Controversial service lets parents hire intimidating 'uncles' to protect their kids from bullies
News

Controversial service lets parents hire intimidating 'uncles' to protect their kids from bullies

A NEW service where parents pay for 'uncles' to come to the rescue of their bullied children at school is proving a hit in Korea.

According to Chosen Ilbo [via Allkpop], families can now take advantage of a new "Uncle Service" to help ensure their child avoids the familiar pitfalls of playground life.

Parents can choose from three distinct packages that include the 'Uncle Package', the 'Evidence Package', and the 'Chaperone Package'.

Anyone opting for the original 'Uncle Package' can look forward to a service whereby a large, rather intimidating man in his 30s or 40s will turn up at school pretending to be the stricken student's uncle.

Said 'uncle' will then dish out a stern warning to the designated bully or bullies before accompanying their client's child back to class.

Advertisement

There's also the 'Evidence Package' which sees the newly-hired 'uncle' obtain evidence of the bullying on a series of mini cameras.

The footage is then taken to the school along with a demand that the incident be properly investigated by the relevant authorities.

Last but not least there's the 'Chaperone Package', possibly the most controversial of the three, which sees the 'uncle' visit the workplaces of the bully's parents.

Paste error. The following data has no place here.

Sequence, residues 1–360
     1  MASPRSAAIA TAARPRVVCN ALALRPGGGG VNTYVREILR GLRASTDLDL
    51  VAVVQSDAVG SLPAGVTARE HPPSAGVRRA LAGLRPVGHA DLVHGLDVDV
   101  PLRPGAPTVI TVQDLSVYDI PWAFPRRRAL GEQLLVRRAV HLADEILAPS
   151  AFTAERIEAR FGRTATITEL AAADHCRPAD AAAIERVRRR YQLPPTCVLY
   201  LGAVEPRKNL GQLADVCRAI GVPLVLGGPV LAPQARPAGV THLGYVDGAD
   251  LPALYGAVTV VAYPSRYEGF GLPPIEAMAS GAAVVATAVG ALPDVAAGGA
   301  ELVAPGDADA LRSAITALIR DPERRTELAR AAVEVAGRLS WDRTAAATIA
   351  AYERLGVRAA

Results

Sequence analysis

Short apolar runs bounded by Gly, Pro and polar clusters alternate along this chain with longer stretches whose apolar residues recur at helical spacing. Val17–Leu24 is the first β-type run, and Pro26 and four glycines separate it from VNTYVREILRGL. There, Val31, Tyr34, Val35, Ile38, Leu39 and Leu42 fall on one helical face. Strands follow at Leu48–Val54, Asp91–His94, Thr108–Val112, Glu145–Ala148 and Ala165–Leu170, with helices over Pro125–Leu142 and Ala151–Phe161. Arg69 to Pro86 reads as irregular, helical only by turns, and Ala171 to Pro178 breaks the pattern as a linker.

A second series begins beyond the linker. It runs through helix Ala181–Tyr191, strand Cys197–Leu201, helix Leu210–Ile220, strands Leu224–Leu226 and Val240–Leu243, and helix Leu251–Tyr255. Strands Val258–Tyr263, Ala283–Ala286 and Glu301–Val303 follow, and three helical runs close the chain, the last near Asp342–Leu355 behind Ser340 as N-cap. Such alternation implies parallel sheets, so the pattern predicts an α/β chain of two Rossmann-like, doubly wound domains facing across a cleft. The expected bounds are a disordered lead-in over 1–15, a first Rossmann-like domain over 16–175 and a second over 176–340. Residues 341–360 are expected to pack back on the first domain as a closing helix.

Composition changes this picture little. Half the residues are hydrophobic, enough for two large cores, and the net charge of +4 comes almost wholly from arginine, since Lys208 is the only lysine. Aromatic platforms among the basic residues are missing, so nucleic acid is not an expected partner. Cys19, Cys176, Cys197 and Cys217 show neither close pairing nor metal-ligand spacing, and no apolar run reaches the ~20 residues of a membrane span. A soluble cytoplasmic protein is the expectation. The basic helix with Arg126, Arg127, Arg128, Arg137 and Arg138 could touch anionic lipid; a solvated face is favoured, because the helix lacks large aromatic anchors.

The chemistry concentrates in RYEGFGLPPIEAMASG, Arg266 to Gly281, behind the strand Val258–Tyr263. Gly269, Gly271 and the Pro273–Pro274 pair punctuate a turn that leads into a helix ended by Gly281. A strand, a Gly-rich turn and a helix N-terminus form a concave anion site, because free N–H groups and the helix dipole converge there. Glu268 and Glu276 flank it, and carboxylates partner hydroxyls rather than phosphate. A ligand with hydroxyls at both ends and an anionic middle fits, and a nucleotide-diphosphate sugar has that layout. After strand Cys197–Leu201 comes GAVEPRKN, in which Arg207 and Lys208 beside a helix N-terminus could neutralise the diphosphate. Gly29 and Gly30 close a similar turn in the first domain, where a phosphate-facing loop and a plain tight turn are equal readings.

Once there, the 'uncle' embarks on a one-man protest outside their workplace, designed to heap shame on the parents of the bully in question.

The 'Evidence Package' represents the cheapest of the three, priced at around £270 while the original 'Uncle Package' will set you back around £340.

Perhaps unsurprisingly the 'Chaperone Package' will set you back the most, with the service including four workplace visits and priced at a whopping £1,350.

Advertisement

The service has courted controversy in Korea, with some branding it as just another form of intimidation i.e. fighting bullying with more bullying.

"Private sanction is just another form of violence. School violence needs to be resolved by improving the system," Professor Kim Yoon Tae of Korea University told Chosen Ilbo.

Unlikely to arrive in Europe anytime soon, if you know of or suspect anyone might be being bullied at school, get in touch with a teacher rather than a strange agency offering to send middle-aged men to deal with the situation.